A house burning, the death sentence, and Lord Farnham’s gout
On March 15, 1825, the Cavan Herald reported on a crime perpetrated on a house, the property of Lord Farnham. A man named Patrick Smyth appeared before the Crown Court to answer questions on the burning of the property, which lay in the townland of Killyfassy.
The first witness called to provide evidence was a pensioner named Constantine Fitzpatrick who said he knew the location of Killiyfassy ‘between Granard and Ballyjamesduff’ and was travelling home to his family in Granard on January 28, 1825. It was about three o’clock in the morning and, although dark, he could identify a light somewhere in the distance. He anxiously headed towards the light obtain a clearer sense of direction as to where the road was leading, when Fitzpatrick saw there were three people some 18 perches ahead of him. The three murky figures, who were moving in the light, appeared to be transporting a container holding a light and, somewhere along the route, they departed from the main road and turned off to the left close to the ditch.
Undetected, Fitzpatrick crept along close by and then, crouching, he looked from behind the opposite side of the ditch to watch what was going on and soon resumed his pursuit of the figures some more. When the three reached a house, they pulled out a chunk of the thatch from its roof and then lit the straw to set the thatched roof on fire. The bright light they were carrying was in fact a fire, lit in a big pot.
Another neighbour called Gaffney who lived near to the scene of destruction was looking from his window and could see a man lay down the pot of fire to assist the individual who set the house on fire. One of the three, it seemed, knocked on a neighbouring door and obtained drink. Next, somebody rapped on Gaffney’s door and the occupants there, being naturally afraid of opening the door to mysterious late callers, replied that they were not inclined to open, but the stranger told the occupants his name was Mr McClean, and he ordered them to open and this time they did.
Afterwards, a person seen entering another property in the area had pointed out the burning house to someone else and informed them that it was one of Lord Farnham’s. That same evening Constantine Fitzpatrick met up with Captain Graham with whom he happily ‘lodged’ his ‘information before’.
During the court proceedings Mr Doherty cross examined Fitzpatrick, a former barber and hairdresser, who resided in Cavan before the event took place but had since gone to live in Dublin. However, Fitzpatrick was in Oldcastle on the day of the arson attack. The next witness summoned to give evidence was Patt Smyth (he was not related to the prisoner of the same name); also called was a witness named John Lynch. Patt Smyth was sworn-in and questioned regarding the whiskey,which he allegedly handed out the men to drink that night. Patt appears to have been making a cheaper brand of the strong stuff because drink had become too expensive in town.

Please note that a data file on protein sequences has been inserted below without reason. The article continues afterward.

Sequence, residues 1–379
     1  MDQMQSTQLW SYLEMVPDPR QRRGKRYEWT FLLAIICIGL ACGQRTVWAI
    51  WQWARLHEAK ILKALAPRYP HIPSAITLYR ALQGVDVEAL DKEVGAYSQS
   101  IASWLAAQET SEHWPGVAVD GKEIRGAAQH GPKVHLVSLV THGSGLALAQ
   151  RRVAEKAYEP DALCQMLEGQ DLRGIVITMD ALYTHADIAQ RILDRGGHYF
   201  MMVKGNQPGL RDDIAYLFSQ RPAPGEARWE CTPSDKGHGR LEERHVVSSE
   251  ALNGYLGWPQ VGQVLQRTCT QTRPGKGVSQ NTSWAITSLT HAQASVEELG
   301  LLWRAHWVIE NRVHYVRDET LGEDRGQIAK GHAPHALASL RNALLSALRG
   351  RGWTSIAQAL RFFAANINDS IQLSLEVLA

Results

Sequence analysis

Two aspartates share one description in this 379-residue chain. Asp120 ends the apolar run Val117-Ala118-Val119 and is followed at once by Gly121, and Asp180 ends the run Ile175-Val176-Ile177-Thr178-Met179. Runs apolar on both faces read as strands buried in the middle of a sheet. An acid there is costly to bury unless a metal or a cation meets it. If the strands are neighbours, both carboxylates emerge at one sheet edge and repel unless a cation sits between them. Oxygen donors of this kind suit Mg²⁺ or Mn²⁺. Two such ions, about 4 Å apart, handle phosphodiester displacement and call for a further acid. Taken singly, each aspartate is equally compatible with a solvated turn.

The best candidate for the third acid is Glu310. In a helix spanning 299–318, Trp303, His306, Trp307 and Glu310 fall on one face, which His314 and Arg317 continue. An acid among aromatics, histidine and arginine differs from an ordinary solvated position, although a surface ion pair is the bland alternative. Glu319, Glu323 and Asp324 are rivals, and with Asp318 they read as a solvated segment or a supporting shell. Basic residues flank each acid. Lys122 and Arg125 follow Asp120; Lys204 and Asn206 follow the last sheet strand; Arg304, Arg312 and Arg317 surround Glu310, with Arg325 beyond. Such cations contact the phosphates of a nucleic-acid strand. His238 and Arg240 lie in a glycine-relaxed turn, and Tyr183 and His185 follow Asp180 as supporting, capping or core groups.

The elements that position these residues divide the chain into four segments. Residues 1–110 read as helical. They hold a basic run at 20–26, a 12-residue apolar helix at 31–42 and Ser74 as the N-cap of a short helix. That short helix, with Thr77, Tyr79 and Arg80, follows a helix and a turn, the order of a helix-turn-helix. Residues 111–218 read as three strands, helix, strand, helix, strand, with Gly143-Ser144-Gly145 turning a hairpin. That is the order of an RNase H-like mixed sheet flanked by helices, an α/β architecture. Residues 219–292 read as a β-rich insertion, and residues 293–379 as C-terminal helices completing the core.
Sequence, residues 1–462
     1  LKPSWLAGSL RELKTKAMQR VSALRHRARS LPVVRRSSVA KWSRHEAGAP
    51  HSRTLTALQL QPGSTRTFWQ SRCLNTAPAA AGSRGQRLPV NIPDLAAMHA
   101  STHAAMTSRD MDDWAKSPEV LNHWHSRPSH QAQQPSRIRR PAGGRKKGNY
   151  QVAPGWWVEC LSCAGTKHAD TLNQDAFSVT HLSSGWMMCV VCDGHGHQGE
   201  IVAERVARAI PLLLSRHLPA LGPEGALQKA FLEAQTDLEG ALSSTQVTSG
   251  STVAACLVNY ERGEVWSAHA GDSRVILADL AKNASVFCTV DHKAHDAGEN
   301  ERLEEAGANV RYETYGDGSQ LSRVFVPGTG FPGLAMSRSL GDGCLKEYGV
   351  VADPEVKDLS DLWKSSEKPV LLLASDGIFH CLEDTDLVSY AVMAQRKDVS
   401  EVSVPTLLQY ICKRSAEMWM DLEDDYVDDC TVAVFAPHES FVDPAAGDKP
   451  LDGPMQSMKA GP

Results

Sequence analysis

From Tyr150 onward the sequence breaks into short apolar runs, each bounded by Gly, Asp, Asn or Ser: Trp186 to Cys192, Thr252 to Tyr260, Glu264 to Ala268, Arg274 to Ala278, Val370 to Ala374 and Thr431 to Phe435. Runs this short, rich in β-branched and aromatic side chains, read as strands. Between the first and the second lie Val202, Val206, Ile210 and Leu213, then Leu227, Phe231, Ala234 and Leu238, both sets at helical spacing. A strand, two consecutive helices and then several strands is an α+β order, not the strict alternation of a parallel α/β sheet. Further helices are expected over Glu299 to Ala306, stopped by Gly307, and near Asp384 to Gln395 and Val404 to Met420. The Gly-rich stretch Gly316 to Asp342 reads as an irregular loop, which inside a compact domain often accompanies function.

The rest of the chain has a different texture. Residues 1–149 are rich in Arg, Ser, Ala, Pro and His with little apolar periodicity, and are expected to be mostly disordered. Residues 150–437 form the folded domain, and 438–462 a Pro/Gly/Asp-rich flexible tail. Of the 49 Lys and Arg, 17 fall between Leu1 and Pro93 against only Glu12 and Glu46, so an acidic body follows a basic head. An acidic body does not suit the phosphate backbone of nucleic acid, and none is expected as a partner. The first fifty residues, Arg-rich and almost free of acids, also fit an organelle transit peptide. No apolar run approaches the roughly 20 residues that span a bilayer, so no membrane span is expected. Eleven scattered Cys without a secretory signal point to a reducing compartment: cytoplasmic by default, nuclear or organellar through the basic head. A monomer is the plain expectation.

The burned house, stated the paper, was formerly the residence of a certain Patrick ‘Fitzsimmons’ Smyth, the prisoner. At around five o’clock in the morning, the ‘witness’ Patt Smyth remembered how the sun was not yet up and he could see the house gone up in ‘a flame of fire’.
The court asked John Lynch to ‘corroborate the alibi’, and then the examination of a further witness occurred; but neither account seemed to add up. The newspaper concluded: ‘After a clear and concise charge from the honourable Baron McClelland, the jury retired and after a short consultation returned with their verdict of ‘find the prisoner guilty’.
Thereafter the death sentence was passed by the judge who sentenced the prisoner to be hung on March 29, 1825.
The harshness of the sentence deeply moved the counsel for the defence and they called for an ‘arrest of judgment and execution’ on a point of law, that arson was not perpetrated in law, as the house was ‘uninhabited ‘at the time of the attack. The counsel’s request was overruled by the court because they said there were articles of furniture in the house at the time of the conflagration ,which in effect constituted somebody’s property.
A reprieve of sorts appeared to be on the cards for the prisoner when it was announced that the High Sheriff had ‘received a respite for Patrick Smyth, sentenced to be hanged… for burning a house at Killyfassy’ and it was mooted that his sentence, in all likelihood would, ‘be commuted to transportation for life’.
Having checked the list of convict names in the Ireland-Australia Transportation records I was unable at the time of writing to find any Patrick Smyth (Smythe or Smith) respited for the crime of arson committed in 1825.
Lord Farnham’s views on the crime were not made public. However, two weeks after the trial, the Cavan Herald on March 29, 1825, (the date originally assigned for the execution of Smyth), the newspaper reported that Lord Farnham had visited Cavan Town twice in the one week in his carriage and that he was now fully in a state of recovery from a most recent ‘tedious and severe attack of the gout’.